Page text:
Additionally, Pithing Needle can be used to stop Old-Growth Troll’s triggered ability, but make sure you name Basic Forest as opposed to Old-Growth Troll (for more info check out the Underworld Connections/Pithing Needle interaction that constantly came up during RTR Standard). Pithing Needle might not be the best answer in the world, but I like that it hits multiple cards vs Green and is a cheap way to turn Day to Night and vice-versa.
With all of this in mind, I decided to sleeve up the deck for a team trios event (Standard, Modern, Legacy) and my home store, Collector Legion. I teamed up with some Eternal format gurus who desperately needed someone to fill the Standard seat, and I was happy to oblige. With a somewhat small turnout we ended up with a four round event that cut to top four, and after two victories, our team was locked.
Unfortunately, while I secured my match win in the semifinals my teammates, on Temur Rhinos and Izzet Delver, lost to Azorius Control and the Izzet Delver mirror, respectively. While we didn’t make it to the finals, I was content with my play and learned a lot about the deck during the event.
Of the five matches I played against during the day I maintained a record of 4-1. Round one I defeated an interesting Esper build of Dimir Sedgemoor Witch. While that deck plays countermagic, once a Duress clears the way for a Lier followed by any wrath, it’s essentially game over. I was able to manage my opponent’s cards with my suite of removal and discard, and any resolved Lier was lights out.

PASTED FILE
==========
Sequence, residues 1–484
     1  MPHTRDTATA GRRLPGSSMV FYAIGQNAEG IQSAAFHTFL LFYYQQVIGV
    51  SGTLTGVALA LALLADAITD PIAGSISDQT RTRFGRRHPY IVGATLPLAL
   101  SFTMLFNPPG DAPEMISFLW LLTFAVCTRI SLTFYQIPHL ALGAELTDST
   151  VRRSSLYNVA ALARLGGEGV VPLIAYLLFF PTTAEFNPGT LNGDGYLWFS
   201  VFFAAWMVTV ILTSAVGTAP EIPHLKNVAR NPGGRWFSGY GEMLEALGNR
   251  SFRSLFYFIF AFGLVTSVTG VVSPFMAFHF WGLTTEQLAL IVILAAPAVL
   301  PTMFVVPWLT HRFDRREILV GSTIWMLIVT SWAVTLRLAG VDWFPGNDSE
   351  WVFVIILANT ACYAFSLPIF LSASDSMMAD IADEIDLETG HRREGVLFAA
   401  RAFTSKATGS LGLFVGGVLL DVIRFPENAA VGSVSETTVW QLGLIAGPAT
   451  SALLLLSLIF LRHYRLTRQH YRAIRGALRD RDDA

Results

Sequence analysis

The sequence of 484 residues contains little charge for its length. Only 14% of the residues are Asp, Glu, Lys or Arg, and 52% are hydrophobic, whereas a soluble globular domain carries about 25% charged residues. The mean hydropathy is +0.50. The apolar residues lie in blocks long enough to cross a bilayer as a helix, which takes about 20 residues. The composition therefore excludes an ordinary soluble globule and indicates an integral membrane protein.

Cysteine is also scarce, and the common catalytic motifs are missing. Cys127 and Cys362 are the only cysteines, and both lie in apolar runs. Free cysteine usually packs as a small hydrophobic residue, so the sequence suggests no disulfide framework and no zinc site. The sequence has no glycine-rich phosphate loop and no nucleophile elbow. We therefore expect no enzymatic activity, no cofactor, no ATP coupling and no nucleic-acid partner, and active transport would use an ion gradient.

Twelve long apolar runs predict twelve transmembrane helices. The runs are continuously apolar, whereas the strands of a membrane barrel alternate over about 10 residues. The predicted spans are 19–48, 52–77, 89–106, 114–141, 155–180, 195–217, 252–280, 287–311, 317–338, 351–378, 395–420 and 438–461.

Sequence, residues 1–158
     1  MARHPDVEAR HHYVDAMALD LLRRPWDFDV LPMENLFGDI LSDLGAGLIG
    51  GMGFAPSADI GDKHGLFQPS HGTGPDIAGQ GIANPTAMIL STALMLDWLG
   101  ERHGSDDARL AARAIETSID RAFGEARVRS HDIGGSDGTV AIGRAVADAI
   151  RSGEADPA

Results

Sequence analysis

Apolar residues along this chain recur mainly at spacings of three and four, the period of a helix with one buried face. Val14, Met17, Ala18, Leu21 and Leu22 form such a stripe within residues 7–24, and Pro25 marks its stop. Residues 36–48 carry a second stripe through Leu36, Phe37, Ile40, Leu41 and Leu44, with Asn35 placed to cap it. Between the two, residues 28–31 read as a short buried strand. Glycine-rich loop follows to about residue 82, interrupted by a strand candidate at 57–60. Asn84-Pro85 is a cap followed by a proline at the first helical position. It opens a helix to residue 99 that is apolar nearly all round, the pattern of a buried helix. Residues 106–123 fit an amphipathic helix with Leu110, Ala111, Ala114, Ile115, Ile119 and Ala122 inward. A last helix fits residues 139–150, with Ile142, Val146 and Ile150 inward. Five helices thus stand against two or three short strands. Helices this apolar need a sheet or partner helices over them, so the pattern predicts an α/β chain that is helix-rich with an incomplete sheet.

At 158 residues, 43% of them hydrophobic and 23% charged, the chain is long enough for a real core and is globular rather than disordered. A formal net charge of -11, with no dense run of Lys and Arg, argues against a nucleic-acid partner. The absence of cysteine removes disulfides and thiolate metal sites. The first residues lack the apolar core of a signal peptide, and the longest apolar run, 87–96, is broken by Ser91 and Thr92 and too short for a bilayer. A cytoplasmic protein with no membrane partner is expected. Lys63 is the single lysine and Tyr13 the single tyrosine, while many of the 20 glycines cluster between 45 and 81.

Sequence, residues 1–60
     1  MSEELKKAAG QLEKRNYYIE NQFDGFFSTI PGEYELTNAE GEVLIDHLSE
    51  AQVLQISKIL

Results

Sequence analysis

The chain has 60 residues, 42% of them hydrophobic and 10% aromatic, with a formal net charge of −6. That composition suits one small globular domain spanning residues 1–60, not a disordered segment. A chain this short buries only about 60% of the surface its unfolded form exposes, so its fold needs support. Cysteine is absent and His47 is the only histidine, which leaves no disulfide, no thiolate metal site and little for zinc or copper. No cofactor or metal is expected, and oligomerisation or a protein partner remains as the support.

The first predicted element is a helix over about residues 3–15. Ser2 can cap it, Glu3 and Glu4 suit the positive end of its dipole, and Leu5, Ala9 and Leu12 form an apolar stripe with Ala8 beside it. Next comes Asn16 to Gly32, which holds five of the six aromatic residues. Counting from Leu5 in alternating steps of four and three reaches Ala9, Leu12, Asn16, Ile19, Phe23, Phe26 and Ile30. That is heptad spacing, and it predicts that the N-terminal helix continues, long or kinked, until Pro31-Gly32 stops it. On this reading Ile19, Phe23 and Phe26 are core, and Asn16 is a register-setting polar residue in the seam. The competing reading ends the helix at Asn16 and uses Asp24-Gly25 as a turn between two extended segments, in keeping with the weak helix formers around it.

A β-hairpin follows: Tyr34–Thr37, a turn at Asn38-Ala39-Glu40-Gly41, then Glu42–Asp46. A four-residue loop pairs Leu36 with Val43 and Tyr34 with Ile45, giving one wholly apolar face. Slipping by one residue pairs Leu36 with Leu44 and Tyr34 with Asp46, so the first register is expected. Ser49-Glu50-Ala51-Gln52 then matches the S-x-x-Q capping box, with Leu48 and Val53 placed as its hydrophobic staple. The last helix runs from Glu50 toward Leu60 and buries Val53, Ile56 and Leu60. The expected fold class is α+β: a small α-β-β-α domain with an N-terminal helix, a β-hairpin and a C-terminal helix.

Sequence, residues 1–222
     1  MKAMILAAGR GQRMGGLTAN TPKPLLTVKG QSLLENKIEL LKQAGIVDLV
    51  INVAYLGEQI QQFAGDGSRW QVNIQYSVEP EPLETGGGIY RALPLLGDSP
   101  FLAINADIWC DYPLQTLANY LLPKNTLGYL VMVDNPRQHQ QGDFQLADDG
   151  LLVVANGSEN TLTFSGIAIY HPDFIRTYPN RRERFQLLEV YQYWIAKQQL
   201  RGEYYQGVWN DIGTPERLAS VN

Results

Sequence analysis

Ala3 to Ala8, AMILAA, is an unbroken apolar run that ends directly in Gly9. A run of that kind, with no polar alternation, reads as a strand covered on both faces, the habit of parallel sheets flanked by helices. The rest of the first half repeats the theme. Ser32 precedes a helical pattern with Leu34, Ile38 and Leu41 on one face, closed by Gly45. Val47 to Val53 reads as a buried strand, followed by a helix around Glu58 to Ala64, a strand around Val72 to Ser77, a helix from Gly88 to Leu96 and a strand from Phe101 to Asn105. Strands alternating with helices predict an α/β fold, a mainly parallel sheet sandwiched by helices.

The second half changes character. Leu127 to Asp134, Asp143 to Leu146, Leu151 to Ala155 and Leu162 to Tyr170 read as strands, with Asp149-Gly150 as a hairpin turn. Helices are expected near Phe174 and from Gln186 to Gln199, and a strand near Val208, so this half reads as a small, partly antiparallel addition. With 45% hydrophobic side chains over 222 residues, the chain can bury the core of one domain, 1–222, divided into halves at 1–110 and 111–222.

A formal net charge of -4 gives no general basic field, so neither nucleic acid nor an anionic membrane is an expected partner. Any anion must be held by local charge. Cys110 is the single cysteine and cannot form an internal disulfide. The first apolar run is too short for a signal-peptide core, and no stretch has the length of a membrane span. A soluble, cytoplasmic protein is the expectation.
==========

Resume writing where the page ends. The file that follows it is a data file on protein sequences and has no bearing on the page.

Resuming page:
In round two I defeated Mono Green aggro, a matchup I had tested extensively before the event. My goal was to survive each game until Hall of the Storm Giants could take over blocking duty until I drew a Lier, and that’s exactly how my games went. I did in fact draw a Pithing Needle in game two, but my opponent never drew a target for it before I clinched victory. I was extremely happy with the second Shadows Verdict maindeck, since it cleans up practically every creature from the Mono Green side. Crippling Fear would’ve been a liability, since it would’ve failed to kill my opponent’s Wrenn and Seven token and their Kazandu Mammoth that had a +1/+1 counter. Crippling Fear is a fine sideboard card against Mono White, but I’d rely on Verdict to get the job done in the majority of your matchups.